A better look at the bunkering in the fairway perfectly staggered. Every golfer has to navigate them eventually.
From there, you play over a ditch that won’t be in play for most. The second shot, if you layup (hitting the tee ball in the bunkers almost guarantees this), is uphill with a semi-blind look at the green.
Looking back, you can see the topography you played over:
The 17th is a stern par 3. 225 yards, there’s an ample amount of room to run the ball up. A bunker short left and short right await mishits.
The 18th has to be one of the biggest question marks in Canadian Golf. While it’s not a poor hole by any means, I’m just not sure it’s the epic finisher that Toronto Golf Club deserves. After some wonderful Colt bunkering on the first 17 holes, the last hole features some fairly average land, but bunker-less. It’s short, as well, as 345 yards.
I will say that the green location is quite strong. Over a little gully with the clubhouse to the left and people on the patio watching, it’s easily the best hole. I wonder how much more epic it could be, however. An interesting choice in my opinion.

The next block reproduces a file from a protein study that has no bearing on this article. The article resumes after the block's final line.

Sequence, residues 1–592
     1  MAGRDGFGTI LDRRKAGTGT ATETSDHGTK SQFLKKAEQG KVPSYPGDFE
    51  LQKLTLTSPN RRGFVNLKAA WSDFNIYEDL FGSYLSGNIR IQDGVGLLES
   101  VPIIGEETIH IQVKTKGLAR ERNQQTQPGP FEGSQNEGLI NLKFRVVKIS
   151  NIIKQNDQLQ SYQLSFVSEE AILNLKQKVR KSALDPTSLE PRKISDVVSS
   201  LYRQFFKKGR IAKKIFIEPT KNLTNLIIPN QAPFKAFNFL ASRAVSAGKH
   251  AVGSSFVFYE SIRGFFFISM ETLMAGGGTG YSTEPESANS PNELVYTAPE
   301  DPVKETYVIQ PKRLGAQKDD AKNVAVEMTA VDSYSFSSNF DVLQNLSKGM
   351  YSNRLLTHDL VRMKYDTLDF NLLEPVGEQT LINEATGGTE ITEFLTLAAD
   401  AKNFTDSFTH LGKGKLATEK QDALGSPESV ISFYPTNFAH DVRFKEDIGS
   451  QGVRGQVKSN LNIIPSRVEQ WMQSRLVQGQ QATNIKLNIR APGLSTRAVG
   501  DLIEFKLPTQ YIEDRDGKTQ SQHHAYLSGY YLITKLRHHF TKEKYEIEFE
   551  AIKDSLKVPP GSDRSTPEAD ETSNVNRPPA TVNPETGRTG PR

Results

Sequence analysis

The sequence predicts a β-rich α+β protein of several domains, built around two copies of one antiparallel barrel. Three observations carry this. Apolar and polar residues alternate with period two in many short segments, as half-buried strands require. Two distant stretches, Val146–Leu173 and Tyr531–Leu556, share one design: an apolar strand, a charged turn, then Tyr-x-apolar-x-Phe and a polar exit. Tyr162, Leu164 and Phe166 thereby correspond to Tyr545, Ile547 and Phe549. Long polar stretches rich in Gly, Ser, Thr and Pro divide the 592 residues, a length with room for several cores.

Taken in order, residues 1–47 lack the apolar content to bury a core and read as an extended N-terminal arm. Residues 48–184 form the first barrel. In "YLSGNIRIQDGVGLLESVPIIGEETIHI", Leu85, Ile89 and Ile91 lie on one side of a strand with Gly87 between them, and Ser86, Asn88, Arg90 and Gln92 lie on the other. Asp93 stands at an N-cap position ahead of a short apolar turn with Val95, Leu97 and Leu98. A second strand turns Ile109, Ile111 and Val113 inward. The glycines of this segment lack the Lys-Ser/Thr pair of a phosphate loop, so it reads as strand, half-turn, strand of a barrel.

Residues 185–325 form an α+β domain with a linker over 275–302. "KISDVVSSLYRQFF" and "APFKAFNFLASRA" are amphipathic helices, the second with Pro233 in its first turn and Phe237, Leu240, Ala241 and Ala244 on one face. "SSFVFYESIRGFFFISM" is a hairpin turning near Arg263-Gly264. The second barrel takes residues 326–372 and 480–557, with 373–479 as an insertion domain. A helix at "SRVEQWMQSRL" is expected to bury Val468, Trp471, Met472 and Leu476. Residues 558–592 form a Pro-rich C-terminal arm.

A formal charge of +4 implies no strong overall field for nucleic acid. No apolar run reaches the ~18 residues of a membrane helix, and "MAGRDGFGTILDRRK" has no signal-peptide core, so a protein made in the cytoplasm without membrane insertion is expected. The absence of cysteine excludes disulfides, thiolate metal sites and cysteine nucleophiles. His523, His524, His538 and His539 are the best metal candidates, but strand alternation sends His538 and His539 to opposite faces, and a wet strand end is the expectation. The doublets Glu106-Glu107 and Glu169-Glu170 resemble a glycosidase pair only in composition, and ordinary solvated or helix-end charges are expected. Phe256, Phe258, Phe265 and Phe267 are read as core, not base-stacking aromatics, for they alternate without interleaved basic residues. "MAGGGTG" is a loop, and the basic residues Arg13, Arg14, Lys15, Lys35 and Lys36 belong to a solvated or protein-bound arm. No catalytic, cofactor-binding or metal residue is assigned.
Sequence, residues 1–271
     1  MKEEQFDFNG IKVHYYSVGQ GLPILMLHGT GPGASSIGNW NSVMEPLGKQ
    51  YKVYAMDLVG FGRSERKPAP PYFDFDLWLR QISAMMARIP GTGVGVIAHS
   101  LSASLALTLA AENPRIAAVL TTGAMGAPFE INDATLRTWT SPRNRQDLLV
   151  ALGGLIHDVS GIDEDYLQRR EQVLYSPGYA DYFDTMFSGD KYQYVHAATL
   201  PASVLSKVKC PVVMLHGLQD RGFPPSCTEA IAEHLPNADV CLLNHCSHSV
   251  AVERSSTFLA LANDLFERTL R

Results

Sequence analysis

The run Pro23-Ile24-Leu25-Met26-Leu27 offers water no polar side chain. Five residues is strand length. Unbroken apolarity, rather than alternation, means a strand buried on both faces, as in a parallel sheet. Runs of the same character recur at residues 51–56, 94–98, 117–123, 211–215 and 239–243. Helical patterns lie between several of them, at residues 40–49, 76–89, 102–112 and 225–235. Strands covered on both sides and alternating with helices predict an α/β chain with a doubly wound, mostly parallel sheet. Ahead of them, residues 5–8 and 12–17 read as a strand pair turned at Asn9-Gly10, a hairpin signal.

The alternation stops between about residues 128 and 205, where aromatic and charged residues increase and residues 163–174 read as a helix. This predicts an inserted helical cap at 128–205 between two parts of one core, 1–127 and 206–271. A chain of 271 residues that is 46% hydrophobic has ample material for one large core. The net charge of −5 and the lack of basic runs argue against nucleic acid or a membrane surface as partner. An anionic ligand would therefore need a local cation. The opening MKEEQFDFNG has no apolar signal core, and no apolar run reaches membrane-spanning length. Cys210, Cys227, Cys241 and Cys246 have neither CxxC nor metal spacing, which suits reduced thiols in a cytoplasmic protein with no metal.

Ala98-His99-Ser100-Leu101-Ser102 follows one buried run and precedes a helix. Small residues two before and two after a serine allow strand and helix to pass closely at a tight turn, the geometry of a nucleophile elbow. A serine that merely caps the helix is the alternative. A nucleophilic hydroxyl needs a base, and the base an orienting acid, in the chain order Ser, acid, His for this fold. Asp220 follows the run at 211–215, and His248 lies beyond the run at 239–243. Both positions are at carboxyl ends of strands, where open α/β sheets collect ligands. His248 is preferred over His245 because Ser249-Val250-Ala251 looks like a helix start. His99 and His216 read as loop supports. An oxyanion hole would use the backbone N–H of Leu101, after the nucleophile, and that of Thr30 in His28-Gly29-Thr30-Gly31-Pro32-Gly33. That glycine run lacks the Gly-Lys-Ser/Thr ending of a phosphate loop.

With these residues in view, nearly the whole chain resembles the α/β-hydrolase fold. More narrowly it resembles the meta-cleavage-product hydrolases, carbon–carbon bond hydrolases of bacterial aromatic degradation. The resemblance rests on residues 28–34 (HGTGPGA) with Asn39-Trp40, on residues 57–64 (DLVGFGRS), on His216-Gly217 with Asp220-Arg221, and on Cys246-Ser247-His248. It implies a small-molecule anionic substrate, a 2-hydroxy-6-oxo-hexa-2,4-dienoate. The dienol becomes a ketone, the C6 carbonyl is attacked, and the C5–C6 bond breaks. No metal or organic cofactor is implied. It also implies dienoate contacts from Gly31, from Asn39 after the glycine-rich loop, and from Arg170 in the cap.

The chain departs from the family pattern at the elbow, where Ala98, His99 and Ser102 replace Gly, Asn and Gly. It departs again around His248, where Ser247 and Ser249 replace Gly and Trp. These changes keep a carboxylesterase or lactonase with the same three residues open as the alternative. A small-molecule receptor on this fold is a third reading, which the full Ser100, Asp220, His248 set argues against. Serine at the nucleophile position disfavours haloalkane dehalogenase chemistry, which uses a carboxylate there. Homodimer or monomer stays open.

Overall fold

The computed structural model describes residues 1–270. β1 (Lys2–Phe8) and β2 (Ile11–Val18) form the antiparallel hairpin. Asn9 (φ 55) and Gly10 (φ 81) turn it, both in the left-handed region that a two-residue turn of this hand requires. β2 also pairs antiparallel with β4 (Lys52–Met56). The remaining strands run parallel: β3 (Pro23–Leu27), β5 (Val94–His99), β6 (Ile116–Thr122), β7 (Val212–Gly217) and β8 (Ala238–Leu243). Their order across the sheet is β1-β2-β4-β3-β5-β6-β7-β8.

The 18th hole being weaker than the rest does not change how good Toronto Golf Club is. Being 12th is Canada is the understatement of the year, and I’d have it firmly in my top 10 in the country. There’s only two H.S. Colt’s in Canada, and I think this is the better of the two (the other one is Hamilton). Now, that may change in 2022 once Martin Ebert and his crew have restored/renovated Hamilton, but Toronto is wonderful, pure golf.
It’s a must play in North America. The best part? It’s a rare look at “Heathland Era” golf that you don’t see on this side of the pond. It is truly unlike any other golf course I’ve seen in Canada, and it’s all for the better.
If you want to read more about the history of Toronto Golf Club, I wrote about it for Par Six Golf here.